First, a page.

“Makeup for us is a key category to help animate the stores, provide service, give the right ambiance and animations,” said Carreau.

“There is a territory of opportunity around service,” continued Clarins’ Piquereau. “I am a strong believer in e-learning; that’s tomorrow’s training.”

For men (who in airports comprise 60 percent of traffic but only 45 percent of travel-retail sales), P&G Prestige teamed with The Nuance Group to create a designated shopping zone — combining grooming products and liquor — that recently opened in the Zurich and Saint Petersburg, Russia, airports.

“Men often feel not so comfortable when they enter a women’s world [for shopping],” said Murat Akyildiz, managing director of global travel retail and distributor operations at P&G Prestige.

P&G also staged the worldwide exclusive launch of the Boss Jour scent at London’s Heathrow Airport in June.

“[It was] the biggest-ever launch for London Heathrow,” said Akyildiz, of the project that involved an airport authority, travel retailer and supplier coming together.

“It’s a very different approach to the role of the channel in building the brand and building our business,” said Brace.

Unlike a decade ago, the travel-retail channel is strategic for brand-building today, said Patrick Bouchard, Puig’s global travel retail managing director.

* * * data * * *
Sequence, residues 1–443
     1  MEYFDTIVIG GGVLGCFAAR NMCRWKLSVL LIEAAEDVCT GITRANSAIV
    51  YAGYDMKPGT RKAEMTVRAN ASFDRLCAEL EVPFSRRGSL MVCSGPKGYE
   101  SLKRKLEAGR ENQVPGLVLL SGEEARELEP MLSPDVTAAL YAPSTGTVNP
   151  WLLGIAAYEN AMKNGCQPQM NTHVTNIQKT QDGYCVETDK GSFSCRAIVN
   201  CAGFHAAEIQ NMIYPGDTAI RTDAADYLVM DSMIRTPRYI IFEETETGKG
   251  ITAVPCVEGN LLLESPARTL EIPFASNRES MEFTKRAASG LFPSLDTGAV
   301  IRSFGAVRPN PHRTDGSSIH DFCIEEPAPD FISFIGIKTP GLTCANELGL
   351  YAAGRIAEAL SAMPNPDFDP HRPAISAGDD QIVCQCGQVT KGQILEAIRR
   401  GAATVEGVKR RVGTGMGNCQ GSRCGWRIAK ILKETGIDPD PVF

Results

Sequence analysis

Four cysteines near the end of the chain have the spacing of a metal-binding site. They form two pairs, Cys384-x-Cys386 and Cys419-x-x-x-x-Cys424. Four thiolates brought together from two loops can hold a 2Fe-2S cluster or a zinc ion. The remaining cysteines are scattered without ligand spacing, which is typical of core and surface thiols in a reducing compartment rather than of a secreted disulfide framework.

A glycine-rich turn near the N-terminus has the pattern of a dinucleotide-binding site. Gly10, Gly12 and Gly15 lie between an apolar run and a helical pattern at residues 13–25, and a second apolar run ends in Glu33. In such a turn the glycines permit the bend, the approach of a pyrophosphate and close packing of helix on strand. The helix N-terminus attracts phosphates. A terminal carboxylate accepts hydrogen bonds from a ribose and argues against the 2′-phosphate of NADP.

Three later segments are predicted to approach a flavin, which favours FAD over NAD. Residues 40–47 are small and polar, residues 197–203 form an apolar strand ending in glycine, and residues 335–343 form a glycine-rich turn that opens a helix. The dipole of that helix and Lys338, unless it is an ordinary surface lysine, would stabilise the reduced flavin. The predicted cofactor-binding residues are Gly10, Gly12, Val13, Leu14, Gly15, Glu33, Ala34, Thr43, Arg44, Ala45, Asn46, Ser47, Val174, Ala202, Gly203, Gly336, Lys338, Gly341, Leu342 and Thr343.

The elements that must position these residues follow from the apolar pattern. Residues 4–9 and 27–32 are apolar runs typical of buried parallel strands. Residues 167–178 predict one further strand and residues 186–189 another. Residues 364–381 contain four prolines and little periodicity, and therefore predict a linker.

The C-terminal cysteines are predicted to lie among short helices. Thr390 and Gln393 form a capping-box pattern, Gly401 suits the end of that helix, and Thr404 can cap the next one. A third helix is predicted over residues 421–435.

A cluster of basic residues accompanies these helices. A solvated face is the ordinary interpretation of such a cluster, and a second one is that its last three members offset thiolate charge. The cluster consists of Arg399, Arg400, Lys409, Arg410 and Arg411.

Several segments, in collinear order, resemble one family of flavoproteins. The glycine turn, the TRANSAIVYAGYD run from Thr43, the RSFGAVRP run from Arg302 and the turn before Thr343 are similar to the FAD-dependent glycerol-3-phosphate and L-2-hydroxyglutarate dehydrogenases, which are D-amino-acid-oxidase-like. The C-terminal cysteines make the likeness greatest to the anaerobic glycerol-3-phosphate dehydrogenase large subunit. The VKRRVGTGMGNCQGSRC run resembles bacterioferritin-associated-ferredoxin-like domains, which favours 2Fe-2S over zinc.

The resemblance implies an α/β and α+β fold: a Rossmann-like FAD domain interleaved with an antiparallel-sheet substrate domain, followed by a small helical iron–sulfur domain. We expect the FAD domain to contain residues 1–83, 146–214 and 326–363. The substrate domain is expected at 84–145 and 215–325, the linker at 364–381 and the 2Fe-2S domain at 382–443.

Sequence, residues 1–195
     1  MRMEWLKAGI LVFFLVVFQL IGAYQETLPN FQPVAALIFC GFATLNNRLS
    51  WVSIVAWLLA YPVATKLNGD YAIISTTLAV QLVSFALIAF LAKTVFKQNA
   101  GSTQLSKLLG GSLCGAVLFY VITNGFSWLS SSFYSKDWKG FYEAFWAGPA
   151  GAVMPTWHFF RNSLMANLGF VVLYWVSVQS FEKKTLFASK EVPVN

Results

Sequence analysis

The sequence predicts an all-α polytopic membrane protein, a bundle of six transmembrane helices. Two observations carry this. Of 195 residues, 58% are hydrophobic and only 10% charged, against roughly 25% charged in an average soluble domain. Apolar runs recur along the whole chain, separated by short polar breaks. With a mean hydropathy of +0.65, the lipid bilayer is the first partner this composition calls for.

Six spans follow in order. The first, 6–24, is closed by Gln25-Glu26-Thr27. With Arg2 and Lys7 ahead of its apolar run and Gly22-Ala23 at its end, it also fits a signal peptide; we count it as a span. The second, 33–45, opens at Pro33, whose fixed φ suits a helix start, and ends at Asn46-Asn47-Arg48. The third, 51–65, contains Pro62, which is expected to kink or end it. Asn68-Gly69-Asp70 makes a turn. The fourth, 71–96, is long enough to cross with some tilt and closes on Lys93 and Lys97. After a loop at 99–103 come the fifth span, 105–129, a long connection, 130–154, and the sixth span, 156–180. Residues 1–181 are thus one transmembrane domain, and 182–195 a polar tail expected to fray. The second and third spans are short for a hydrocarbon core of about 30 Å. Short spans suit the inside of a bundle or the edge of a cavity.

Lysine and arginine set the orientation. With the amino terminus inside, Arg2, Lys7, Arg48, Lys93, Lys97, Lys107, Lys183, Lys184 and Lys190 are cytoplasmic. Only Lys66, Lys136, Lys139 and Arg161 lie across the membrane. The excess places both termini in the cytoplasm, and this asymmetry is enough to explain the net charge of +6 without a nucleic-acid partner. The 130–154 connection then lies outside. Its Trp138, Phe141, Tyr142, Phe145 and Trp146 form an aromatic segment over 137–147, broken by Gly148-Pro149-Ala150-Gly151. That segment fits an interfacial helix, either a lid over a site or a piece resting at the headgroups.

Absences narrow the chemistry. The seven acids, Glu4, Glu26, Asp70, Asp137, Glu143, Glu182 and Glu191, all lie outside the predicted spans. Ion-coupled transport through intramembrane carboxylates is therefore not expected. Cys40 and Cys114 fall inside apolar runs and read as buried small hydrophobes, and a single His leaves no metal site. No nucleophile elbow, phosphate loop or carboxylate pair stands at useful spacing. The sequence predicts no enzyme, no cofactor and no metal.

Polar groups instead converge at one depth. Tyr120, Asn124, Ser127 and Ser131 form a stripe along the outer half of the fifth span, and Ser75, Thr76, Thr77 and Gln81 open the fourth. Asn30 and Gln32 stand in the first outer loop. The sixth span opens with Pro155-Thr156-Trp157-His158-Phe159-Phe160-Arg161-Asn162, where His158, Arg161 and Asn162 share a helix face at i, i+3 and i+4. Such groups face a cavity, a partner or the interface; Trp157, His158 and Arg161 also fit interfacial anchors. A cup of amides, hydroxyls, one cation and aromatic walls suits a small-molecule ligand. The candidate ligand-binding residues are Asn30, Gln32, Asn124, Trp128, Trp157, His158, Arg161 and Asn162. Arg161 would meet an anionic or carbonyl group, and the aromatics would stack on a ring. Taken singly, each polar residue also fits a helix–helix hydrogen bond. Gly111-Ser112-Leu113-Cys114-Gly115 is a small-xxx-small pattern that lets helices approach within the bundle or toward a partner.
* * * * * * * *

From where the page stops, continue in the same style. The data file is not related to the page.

The company recently had Nick Youngquest, the face of its new Paco Rabanne men’s fragrance Invictus, make a personal appearance in Heathrow. The event not only created buzz at point of sale, but also online, said Lyndea Dew, global travel retail marketing director.

In some European airports this past spring and summer, Guerlain cross-branded its La Petite Robe Noire fragrance with Moët & Chandon rosé Champagne in an operation whose story line involved a party in Paris.

“It was very, very effective,” said Thierry Dugny, Guerlain’s international marketing director, who stressed the importance of “retail-tainment.”

Still, some executives believe more needs to be done to juice up the flagging fragrance category, which remains the largest sales-wise in beauty.

“For my two daughters luxury is sunglasses, watches, clothing and makeup — no longer fragrance; they don’t perceive perfume today as a superluxury,” said Kay Spanger, a member of Gebr. Heinemann’s board. “This is what the perfume industry is underestimating. The competitor to Dior is not Chanel, the competitor to Chanel is not Dior — it is iPads, iPods, sunglasses, watches, fancy clothing and a reasonable price — not another fragrance. It’s there the young generation spends money.”

For the high end of the market, Nuance is just starting up a niche fragrance concept, said Henrik Ottosson, category manager for perfume and cosmetics. It includes brands like Penhaligon’s, Serge Lutens and Tom Ford Private Blend.

As Nuance’s category strategy tries to satisfy both ends of the business, it includes a masstige retail concept, too.

“Europe is changing. The new growth is coming almost 100 percent from low-cost carriers,” said Ottosson, explaining such flights often service young travelers with little cash to burn. For the project, Nuance teamed up with brands such as Nivea, Maybelline, L’Oréal Paris, OPI and Essie.

Nuance also views premium hair care as a category harboring untapped potential.

“I think the retailers are always looking for something new to add to their selection in general, and hair care is that piece they don’t have,” said David Thomas Brooks, director of research and development at Leonor Greyl, currently sold in just one airport, in Marseille, France. “We definitely feel the vibe this year.”